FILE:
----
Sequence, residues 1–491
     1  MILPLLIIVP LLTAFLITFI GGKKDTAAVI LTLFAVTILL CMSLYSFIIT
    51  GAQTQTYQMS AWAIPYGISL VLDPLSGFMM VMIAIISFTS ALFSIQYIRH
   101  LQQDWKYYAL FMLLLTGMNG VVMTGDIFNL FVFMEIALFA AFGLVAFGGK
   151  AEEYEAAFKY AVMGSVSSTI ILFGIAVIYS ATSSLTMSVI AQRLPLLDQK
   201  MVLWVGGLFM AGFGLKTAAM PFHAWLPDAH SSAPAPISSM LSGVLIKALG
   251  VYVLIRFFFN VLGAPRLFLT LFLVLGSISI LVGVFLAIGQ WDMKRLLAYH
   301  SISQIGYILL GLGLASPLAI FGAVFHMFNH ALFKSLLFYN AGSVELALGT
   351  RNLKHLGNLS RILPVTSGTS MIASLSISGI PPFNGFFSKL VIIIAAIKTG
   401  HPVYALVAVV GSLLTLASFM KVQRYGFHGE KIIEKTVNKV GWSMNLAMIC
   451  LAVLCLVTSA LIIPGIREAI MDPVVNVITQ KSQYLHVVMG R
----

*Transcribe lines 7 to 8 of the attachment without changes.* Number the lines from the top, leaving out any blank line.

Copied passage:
   251  VYVLIRFFFN VLGAPRLFLT LFLVLGSISI LVGVFLAIGQ WDMKRLLAYH
   301  SISQIGYILL GLGLASPLAI FGAVFHMFNH ALFKSLLFYN AGSVELALGT